But they’re back – a “party for the rest of us.” They say they are as a mainstream and non-fringe “middle ground” between the Democratic Party and the Republican Party, and were founded by Iraq and Afghanistan veterans, who say they don’t much like nonsense from the right or the left.

And there are the six tenets of the Modern Whig philosophy:

Fiscal responsibility – “The Modern Whig philosophy is to empower the states with the resources to handle their unique affairs.” [Sounds all South Carolina far-right…]

Energy Independence – “Reduce dependence on foreign oil by developing practical sources of alternative energy. This will have the simultaneous effect of changing the national security dynamic.” [Sounds all lefty-green…]

Education/Scientific Advancement – “Increased public and private emphasis on fields such as space, oceanic, medical and nanotechnology. Also, providing common-sense solutions to enhance our educational system from pre-school to university-level studies.” [Sounds like something the anti-science creationists on the Evangelical Right would hate…]

States’ Rights – “Each state can determine its course of action based on local values and unique needs.” [See above…]

Social progression – “Government should refrain from legislating morality.” [Sounds all pro-gay-marriage left, or libertarian right…]

Veterans Affairs – “Vigilant advocacy relating to the medical, financial, and overall well-being of our military families and veterans.” [That’s who they are…]

Are they a threat to the rule of Joe Lieberman? Who knows? But they’re quite real. And there is the logo:

For its logo, the Modern Whig Party uses an owl, the symbol of the original Whig Party. The red, white, and blue color scheme is used once again, but with different meaning. In this case, the bird is half blue (for Democrats) and half red (for Republicans) with a white line and a band of stars dividing the two colors. The party believes that the United States’ future lies in meeting in the middle, thus the placement of the stars in the middle of the owl.

Cool. And Andrew Dubbins attended their recent convention:

The Modern Whig Party held its first-ever national council meeting this weekend in a small conference room at the Arlington Courtyard Marriott. The party is small but, they insist, growing: It now boasts a national headquarters in Washington, D.C., 20,000 “members” (more on that later), and 28 official state chapters, including one in Florida, where the party is a registered political organization with ballot access.

Among the attendees was Conor Boland, 14, who rode the Amtrak from Delaware with his father, Kevin. “I’m here with a future Whig voter,” said Kevin, a former Marine who has not yet taken the plunge into the party himself but wanted to encourage his son’s civic interest. Other attendees were serial third partiers. “I’ve seen my fair share of third-party flops,” said William Cerf, 63, a New York restaurateur who, previous to the Whigs, was a member of the Libertarian Party and the Peace and Freedom Party. But that didn’t stop him from jumping on the bus from New York to Washington for the conference. “I hope this will be the first new mainstream political party,” he said. “It could be a historical occasion.”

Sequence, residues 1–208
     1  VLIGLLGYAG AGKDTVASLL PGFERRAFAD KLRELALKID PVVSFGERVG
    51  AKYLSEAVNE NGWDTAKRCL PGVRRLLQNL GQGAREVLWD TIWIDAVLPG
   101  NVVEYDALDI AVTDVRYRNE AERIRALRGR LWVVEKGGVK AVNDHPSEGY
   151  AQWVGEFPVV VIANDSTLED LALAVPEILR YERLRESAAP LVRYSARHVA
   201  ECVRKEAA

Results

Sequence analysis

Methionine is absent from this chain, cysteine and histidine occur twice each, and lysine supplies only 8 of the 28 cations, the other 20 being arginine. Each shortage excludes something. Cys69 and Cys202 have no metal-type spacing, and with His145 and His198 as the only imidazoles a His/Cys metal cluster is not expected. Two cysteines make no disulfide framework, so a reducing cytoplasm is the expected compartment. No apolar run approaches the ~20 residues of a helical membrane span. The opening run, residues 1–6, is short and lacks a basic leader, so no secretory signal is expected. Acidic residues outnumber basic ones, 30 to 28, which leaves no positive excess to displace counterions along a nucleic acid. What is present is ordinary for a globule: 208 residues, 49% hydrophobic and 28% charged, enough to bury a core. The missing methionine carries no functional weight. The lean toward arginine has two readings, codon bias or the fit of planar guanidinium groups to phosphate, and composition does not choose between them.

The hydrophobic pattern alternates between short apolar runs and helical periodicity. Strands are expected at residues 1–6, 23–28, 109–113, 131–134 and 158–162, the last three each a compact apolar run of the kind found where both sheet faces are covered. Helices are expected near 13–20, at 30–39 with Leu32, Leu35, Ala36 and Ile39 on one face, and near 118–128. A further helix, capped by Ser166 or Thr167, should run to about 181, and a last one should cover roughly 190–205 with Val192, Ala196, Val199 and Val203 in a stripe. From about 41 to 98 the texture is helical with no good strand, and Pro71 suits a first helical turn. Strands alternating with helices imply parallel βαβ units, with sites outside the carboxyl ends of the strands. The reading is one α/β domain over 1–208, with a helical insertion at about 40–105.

The rest is amusing. They have a long way to go. But maybe in the Age of King Joe of Connecticut, with both major parties in disarray, and the tea-baggers going all nutty, a Whig Party who will resist establishing a monarchy isn’t a bad thing.

But nothing will come of it, and neither Sarah Palin nor Glenn Beck wants to lose the next presidential election nobly, heads held high, as that’s still losing. We’re stuck with the same old two parties, now unable to get anything done, and Joe Lieberman grinning, and giving America the finger. But an owl, not a donkey or an elephant… that is cool. Not that it matters.

About Alan

The editor is a former systems manager for a large California-based HMO, and a former senior systems manager for Northrop, Hughes-Raytheon, Computer Sciences Corporation, Perot Systems and other such organizations. One position was managing the financial and payroll systems for a large hospital chain. And somewhere in there was a two-year stint in Canada running the systems shop at a General Motors locomotive factory - in London, Ontario. That explains Canadian matters scattered through these pages. Otherwise, think large-scale HR, payroll, financial and manufacturing systems. A résumé is available if you wish. The editor has a graduate degree in Eighteenth-Century British Literature from Duke University where he was a National Woodrow Wilson Fellow, and taught English and music in upstate New York in the seventies, and then in the early eighties moved to California and left teaching. The editor currently resides in Hollywood California, a block north of the Sunset Strip.